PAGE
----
BEIRUT — The Lebanese army moved Monday to quell unrest following an outbreak of clashes in the aftermath of the politically charged funeral of a police official assassinated in a car bomb attack.
The army vowed to use “decisive measures" to insure stability and warned that security was a “red line” not to be breached. The military urged all parties to exercise restraint.
The armed forces generally command respect across Lebanon’s sectarian fault lines. But the nation is also home to sundry armed militias allied with political and religious factions.
Overnight clashes were reported in Beirut and the northern city of Tripoli, which has become a battleground for armed groups on opposing sides of the conflict in neighboring Syria. At least three people were killed in Tripoli, the national news service reported. The army said it shot and killed a man who opened fire on a patrol in the capital.
[Updated Oct. 22, 2:20 p.m.: Sniper fire reportedly continued in Tripoli during the day, raising the death toll to four. In Beirut, troops in armored vehicles were taking up positions at some strategic intersections and roads in districts where rival gunmen have engaged in skirmishes.]
The situation remained tense and some parents were said to have kept their children home from school, fearing more violence.
Many Lebanese blame Syria for a car bombing on Friday that killed Gen. Wissam Hassan, the nation’s police intelligence chief. Two other people were killed and scores were injured in the midday bombing in an upscale East Beirut neighborhood. The slain official was credited with uncovering an alleged Syrian plot to destabilize Lebanon. Syria has condemned the assassination and no proof has emerged publicly linking Damascus to the blast.
The bombing — the first major attack in four years in the capital — has fanned fears that a spillover of hostilities from Syria could lead Lebanon down a path of sectarian violence and instability.
Lebanon remains scarred from its 15-year civil war, which ended in 1990, and a series of car bombings and assassinations, many targeting anti-Syrian activists, that shook the nation between 2005 and 2008. Syrian troops occupied Lebanon for almost 30 years before pulling out in 2005 amid mass protests. But Syria remains a powerful presence in the governance of its smaller neighbor.
On Sunday, the state funeral for the slain police commander disintegrated into clashes as enraged mourners tried to storm the government palace in Beirut. Troops using tear gas and firing bullets into the air dispersed the demonstrators.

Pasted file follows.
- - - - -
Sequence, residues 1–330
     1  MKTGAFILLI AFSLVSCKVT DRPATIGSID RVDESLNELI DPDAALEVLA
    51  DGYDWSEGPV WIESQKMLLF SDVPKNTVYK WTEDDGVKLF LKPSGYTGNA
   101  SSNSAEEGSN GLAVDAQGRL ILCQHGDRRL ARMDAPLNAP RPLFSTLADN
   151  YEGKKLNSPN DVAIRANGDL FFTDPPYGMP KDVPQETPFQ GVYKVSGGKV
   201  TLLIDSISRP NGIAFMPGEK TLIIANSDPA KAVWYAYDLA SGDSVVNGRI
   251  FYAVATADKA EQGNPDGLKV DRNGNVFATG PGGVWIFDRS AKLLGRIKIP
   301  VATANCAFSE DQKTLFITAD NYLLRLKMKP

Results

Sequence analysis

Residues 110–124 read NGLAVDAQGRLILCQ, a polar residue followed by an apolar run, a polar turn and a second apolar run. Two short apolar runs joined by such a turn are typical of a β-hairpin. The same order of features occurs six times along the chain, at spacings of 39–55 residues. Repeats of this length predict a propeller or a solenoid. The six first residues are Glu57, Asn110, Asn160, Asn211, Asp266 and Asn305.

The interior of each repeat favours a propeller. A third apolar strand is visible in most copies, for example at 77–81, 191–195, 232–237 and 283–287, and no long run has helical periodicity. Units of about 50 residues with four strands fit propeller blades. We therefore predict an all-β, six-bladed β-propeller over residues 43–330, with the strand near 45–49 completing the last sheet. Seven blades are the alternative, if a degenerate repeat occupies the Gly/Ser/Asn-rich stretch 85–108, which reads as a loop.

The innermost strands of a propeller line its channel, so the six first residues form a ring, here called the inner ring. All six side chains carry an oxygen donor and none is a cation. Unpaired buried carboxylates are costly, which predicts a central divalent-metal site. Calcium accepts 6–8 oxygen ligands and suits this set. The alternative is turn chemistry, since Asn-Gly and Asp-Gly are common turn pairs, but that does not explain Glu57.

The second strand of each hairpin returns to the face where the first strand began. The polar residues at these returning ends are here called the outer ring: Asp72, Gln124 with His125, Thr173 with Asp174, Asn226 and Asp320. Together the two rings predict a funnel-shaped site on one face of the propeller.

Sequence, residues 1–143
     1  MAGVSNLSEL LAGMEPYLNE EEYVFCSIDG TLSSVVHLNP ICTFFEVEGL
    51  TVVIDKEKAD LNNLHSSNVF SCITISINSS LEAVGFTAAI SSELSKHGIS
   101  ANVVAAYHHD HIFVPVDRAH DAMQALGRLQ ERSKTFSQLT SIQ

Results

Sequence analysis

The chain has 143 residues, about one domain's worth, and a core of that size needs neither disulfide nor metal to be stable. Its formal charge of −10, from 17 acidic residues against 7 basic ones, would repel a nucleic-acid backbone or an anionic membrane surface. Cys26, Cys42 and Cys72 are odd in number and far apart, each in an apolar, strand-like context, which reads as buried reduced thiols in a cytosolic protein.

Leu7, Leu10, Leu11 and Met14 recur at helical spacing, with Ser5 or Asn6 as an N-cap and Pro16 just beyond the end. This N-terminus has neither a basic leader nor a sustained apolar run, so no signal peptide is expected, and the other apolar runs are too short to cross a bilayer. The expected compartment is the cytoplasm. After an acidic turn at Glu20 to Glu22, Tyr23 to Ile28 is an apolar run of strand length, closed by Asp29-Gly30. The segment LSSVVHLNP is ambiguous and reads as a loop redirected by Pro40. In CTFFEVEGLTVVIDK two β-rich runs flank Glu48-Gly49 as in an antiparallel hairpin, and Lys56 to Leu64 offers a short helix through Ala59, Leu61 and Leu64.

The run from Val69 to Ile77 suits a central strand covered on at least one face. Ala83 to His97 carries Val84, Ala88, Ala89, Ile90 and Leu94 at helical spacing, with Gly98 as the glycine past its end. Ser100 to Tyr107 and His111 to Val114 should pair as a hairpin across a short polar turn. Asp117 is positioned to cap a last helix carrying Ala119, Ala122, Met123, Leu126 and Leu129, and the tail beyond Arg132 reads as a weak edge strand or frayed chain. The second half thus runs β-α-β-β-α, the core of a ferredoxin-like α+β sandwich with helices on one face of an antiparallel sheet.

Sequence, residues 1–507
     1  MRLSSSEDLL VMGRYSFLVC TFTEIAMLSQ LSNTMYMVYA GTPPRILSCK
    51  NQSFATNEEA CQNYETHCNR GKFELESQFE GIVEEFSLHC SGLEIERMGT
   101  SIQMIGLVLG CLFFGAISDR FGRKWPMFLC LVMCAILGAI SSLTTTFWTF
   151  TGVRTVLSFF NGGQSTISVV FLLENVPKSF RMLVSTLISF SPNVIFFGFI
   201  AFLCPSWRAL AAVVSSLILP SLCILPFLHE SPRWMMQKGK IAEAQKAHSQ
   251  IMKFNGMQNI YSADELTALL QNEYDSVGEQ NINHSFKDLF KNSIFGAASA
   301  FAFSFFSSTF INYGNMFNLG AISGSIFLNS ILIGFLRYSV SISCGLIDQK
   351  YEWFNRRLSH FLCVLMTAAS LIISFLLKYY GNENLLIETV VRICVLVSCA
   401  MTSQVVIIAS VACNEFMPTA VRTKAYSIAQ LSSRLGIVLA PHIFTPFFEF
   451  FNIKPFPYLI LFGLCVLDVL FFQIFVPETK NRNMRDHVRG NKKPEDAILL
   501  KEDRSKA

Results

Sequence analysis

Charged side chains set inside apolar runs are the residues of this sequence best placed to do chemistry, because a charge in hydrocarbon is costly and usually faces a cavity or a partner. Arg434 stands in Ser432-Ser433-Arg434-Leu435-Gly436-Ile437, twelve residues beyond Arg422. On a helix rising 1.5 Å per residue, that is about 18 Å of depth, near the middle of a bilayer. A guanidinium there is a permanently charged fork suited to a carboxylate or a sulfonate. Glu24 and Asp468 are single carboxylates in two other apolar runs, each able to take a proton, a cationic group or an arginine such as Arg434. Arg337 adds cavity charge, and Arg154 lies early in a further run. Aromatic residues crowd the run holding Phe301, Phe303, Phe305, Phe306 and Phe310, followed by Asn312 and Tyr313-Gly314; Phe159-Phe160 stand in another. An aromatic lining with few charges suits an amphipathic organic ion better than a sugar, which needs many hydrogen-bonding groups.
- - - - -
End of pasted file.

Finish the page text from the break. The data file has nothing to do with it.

Opposition leaders have called for the resignation of Prime Minister Najib Mikati, labeling his coalition government a pawn of Syria. Mikati said that resigning now would only cause a political vacuum and lead to greater instability.
[Updated Oct. 22, 2:20 p.m.: In Washington, the State Department said Monday that an FBI team was headed to Lebanon to assist the investigation of Friday’s bombing.
Secretary of State Hillary Rodham Clinton spoke with Mikati and "stressed the importance of all political leaders working together,” Mark C. Toner, a department spokesman, told reporters in Washington. He declined to comment on reports that the United States and its Western allies had encouraged Mikati to remain in office.]
The embattled prime minister has been praised in some diplomatic circles for his efforts to keep Lebanon insulated from the raging violence in Syria. His nation is split between groups opposed to and supportive of Syrian President Bashar Assad.
The dominant force in Lebanon’s ruling coalition is Hezbollah, the Iran-backed Shiite Muslim group closely allied to Assad. Lebanon's Sunni Muslim-led opposition has generally backed the rebel force fighting to oust Assad, which are primarily made up of Sunnis.
Both Sunni and Shiite volunteers from Lebanon have reportedly gone to Syria to fight for different sides in the conflict.
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— Patrick J. McDonnell
Photo: Lebanese soldiers deploy Monday after overnight clashes between Sunni and Shiite gunmen in Beirut. Credit: Hussein Malla / Associated Press.